Notefornote Music presents the premiere soundtrack release of Stanley Myers & Hans Zimmer’s 1986 horror score to THE WIND. Meg Foster, Wings Hauser, and David McCallum star in a story about a popular crime novelist who moves to a historic Greek village during the off-season in order to write her next book, but gets more than she bargained for when she strongly suspects a man of committing murder. The CD is a limited edition of 1,000 copies, and is available here. Also available from Notefornote Music is the 24/48khz digital soundtrack to the short film VENUS, composed by Tracie Turnbull. The film is about Iris, who is torn out of her idyllic digital world and uploaded into a stolen synthetic body by her grieving mother and must face her body’s objectification and violent potential in a dark future. “Venus possesses a striking level of intrigue and unpredictability, brought together in a visually stunning triumph of short film-making,” reports the label. It features a punchy electronic score that calls to mind many of the classic sci-fi scores from the past. Turnbull, originally from Denver, Colorado is now a Los Angeles-based composer with a wide array of credits for film and television. She has contributed additional music to projects such as: CBS’s STAR TREK: DISCOVERY and PICARD, Sci-fi’s CHANNEL ZERO, FX’s SNOWFALL, Netflix’s THE UMBRELLA ACADEMY and Mark Wahlberg’s MILE 22.  See NotefornoteMusic.

Stephanie Economou (JUPITER’S LEGACY, MANHUNT: DEADLY GAMES,  MARVEL’S 616) is the composer of the upcoming Netflix original series THE CHAIR. Starring Sandra Oh, Jay Duplass, Holland Taylor, Nana Mensah, and Bob Balaban, the dramedy follows a woman as she navigates her new role as the Chair of the English department at prestigious Pembroke University and is faced with a unique set of challenges as the first woman to chair the department, and as one of the few staff members of color at the university. – via filmmusicreporter
(see more Stephanie Economou news in Video Game News below)

La-La Land Records, Universal Pictures, and Geffen present a limited edition remastered and expanded CD reissue of John Barry’s original motion picture score to the beloved 1980 big screen romantic fantasy-drama SOMEWHERE IN TIME. Synopsis: In 1972, playwright Richard Collier (Christopher Reeve) becomes fascinated by a photo of Elise McKenna (Jane Seymour), a turn-of-the-century stage actress, while staying at the Grand Hotel in Mackinac Island, Michigan. As Richard's obsession grows, he learns from a friend that time travel may actually be possible through hypnosis. Richard travels in time to meet Elise, and the two appear destined to be together. However, Elise’s jealous manager (Christopher Plummer) attempts to keep them apart. Barry’s graceful orchestral score perfectly embodies this heartfelt and heartbreaking romantic classic, enriching it with a resonating melodic and thematic timelessness that is vital to the film’s powerful sentimental allure. The label has also released the world-premiere CD release of composers Mike Figgis, Anthony Marinelli and Brain Banks’ original motion picture score to the acclaimed 1990 Paramount Pictures big-screen thriller INTERNAL AFFAIRS, starring Richard Gere, Andy Garcia, and Nancy Travis. Teaming with sumptuous atmospherics and captivating motifs, this notable score to one of the most intriguing thrillers of the 90’s makes its long-overdue debut with this special CD presentation. Also now shipping from the label is a limited edition CD release of acclaimed composers Marco Beltrami and Buck Sanders’ score to the military drama WAITING FOR THE BARBARIANS, starring Mark Rylance, Johnny Depp, and Robert Pattinson.  The composers embolden this compelling drama of a colonial magistrate embroiled in a crisis of conscience at a remote military outpost with a provocative and thoughtful orchestral score; and finally the label presents the CD edition of Harry Gregson-Williams’ music to the Paramount+ action/sci-fi-thriller INFINITE, starring Mark Wahlberg, Chiwetel Ejiofor and Sophie Cookson, and directed by Antoine Fuqua. The composer’s powerhouse orchestral score provides a riveting and propulsive musical soundscape, captivating the listener while it provides this blockbuster past-lives saga with resonating drama and emotion.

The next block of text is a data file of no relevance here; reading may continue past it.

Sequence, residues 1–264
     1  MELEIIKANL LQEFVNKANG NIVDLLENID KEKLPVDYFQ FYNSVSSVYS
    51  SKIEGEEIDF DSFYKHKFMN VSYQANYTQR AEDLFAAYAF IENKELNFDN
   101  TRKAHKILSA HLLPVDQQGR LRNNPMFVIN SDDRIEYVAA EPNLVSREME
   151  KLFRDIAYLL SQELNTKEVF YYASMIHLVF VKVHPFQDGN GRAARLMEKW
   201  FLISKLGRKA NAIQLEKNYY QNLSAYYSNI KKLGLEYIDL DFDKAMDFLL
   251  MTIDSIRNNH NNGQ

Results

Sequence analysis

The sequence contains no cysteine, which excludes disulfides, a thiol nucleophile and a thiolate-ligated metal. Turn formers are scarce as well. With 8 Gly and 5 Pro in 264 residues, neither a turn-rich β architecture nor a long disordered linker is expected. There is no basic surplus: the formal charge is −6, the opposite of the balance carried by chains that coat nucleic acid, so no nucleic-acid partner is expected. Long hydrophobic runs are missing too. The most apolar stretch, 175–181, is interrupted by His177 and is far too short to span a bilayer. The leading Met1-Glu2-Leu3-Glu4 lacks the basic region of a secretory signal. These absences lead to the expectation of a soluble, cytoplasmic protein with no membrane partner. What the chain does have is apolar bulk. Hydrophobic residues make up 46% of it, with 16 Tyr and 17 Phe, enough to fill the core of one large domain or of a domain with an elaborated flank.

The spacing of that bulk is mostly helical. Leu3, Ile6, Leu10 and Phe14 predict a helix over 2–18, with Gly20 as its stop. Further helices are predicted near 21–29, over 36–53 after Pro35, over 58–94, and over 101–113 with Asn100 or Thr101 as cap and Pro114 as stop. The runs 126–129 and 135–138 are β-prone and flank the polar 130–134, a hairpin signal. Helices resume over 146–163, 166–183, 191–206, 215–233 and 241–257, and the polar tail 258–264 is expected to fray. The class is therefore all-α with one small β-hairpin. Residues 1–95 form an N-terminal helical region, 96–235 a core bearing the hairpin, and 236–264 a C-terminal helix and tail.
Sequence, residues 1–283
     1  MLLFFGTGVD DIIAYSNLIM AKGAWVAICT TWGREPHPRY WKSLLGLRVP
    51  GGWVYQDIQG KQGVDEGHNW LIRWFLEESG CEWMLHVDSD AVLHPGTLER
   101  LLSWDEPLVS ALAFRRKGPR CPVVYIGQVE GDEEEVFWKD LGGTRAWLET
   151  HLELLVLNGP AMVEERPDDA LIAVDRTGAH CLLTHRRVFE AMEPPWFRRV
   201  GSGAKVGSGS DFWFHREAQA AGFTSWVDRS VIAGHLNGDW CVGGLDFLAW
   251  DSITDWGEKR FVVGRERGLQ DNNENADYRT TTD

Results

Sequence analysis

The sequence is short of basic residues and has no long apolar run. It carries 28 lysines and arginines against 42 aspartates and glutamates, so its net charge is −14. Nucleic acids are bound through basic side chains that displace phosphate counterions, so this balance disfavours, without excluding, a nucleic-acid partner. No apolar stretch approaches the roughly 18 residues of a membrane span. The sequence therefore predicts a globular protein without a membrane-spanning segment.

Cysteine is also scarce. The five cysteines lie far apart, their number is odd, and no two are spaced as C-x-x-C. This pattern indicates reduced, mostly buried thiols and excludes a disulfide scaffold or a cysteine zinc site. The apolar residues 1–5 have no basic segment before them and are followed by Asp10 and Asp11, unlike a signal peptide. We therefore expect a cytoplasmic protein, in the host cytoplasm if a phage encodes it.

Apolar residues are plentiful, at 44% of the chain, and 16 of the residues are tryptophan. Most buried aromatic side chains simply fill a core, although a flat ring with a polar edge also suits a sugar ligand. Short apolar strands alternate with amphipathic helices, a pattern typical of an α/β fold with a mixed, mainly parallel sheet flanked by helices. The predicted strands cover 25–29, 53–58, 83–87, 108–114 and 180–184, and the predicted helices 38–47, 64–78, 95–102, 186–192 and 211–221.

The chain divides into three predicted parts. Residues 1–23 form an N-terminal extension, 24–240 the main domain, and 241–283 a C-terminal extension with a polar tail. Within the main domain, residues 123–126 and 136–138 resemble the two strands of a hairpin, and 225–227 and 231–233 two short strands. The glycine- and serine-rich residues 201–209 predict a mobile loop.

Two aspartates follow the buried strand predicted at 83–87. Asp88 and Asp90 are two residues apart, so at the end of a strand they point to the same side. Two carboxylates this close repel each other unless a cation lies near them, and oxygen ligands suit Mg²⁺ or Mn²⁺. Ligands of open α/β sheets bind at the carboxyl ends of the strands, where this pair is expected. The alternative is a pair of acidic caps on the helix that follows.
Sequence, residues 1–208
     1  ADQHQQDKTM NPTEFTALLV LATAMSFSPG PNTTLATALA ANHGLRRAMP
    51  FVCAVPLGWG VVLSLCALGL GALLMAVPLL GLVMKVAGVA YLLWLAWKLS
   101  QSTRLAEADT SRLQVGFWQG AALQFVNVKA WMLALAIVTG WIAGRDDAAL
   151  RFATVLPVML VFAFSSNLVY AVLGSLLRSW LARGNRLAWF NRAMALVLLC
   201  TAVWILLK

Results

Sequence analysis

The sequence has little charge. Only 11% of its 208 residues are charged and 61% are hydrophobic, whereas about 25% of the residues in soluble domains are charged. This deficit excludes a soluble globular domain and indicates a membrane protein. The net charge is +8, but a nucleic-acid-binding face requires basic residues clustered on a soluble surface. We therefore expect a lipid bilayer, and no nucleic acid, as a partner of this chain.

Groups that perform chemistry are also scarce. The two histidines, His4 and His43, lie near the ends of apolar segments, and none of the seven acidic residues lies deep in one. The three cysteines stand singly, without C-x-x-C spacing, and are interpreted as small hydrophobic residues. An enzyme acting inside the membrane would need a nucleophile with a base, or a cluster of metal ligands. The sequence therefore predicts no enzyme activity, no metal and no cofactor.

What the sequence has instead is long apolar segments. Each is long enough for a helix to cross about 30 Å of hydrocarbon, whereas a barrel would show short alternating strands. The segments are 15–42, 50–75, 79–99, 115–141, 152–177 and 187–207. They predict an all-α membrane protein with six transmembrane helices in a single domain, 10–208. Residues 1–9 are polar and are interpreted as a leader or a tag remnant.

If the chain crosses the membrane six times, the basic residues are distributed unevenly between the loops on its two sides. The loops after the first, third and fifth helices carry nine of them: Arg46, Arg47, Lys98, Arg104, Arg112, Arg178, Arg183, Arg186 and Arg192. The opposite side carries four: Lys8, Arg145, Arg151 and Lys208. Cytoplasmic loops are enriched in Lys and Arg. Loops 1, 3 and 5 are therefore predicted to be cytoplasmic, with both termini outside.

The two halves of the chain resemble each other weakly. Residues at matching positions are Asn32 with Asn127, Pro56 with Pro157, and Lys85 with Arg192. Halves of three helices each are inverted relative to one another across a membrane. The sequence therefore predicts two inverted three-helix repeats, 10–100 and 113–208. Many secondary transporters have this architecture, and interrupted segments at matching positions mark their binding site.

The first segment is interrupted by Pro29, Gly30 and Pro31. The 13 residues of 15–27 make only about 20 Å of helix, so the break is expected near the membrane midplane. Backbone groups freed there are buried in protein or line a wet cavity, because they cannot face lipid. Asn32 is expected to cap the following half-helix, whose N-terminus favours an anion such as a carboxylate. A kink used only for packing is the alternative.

Coming August 17th from La-La Land Records will be a newly remastered 2 CD edition of composer James Horner’s original motion picture score to STAR TREK II: THE WRATH OF KHAN, starring William Shatner, Leonard Nimoy along with Ricardo Montalban reprising his iconic role of Khan Noonian Singh, and directed by Nicholas Meyer. Also presented herein is a second 3-CD volume of the classic Irwin Allen TV series, THE TIME TUNNEL with music by Leith Stevens, Joseph Mullendore, Paul Sawtell, Robert Drasnin and George Duning as well as featuring the Main Theme by John Williams. Featured as well is a 2-CD edition of the original soundtrack to SNAKE EYES with music composed by Martin Todsharow. Lastly, La-La Land proudly presents WOMEN WARRIORS: THE VOICES OF CHANGE, created and produced by Amy Anderson and featuring the talents of Nathalie Bonin, Miriam Cutler, Anne Katherin-Dern, Sharon Farber, Penka Kouneva, Starr Parodi and Lolita Ritmanis. Released by Higher Purpose Records.